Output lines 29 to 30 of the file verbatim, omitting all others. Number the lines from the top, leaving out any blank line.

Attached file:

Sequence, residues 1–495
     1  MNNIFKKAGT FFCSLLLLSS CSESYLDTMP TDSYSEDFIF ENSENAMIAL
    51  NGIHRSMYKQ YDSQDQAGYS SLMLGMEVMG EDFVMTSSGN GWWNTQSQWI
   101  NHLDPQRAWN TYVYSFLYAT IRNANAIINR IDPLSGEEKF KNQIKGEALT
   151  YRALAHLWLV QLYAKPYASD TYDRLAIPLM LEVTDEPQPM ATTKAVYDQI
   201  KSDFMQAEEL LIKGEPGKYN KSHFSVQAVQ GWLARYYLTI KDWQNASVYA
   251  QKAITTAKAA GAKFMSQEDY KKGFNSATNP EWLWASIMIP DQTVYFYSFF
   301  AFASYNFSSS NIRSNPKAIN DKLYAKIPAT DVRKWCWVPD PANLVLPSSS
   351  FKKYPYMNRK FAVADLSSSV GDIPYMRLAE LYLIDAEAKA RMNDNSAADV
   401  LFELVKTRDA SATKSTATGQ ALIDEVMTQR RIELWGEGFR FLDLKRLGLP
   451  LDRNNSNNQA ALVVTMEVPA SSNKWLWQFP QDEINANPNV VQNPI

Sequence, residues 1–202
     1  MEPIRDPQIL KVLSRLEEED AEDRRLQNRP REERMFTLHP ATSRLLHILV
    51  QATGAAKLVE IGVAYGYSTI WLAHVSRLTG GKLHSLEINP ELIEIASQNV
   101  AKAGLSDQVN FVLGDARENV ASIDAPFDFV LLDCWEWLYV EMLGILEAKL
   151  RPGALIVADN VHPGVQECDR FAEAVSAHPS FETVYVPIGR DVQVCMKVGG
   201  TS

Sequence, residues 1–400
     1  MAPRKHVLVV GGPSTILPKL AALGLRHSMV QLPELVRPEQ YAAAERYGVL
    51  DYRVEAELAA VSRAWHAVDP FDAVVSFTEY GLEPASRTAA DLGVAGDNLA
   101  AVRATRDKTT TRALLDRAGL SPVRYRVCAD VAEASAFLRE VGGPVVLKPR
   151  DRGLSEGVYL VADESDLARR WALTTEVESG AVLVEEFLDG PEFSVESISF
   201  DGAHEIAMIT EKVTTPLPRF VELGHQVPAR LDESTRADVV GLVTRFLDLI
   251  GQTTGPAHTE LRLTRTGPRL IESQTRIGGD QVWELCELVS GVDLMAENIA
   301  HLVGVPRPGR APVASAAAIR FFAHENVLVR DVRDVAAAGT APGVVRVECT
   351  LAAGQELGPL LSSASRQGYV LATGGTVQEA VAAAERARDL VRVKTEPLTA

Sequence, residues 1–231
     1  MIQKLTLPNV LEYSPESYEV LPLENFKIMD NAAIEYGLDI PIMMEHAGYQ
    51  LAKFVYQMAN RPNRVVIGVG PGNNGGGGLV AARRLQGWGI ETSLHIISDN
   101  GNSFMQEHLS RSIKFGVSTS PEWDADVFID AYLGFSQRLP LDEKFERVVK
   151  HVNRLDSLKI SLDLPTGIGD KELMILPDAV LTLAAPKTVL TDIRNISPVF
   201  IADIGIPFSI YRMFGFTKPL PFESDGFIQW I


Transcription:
    51  LAKFVYQMAN RPNRVVIGVG PGNNGGGGLV AARRLQGWGI ETSLHIISDN
   101  GNSFMQEHLS RSIKFGVSTS PEWDADVFID AYLGFSQRLP LDEKFERVVK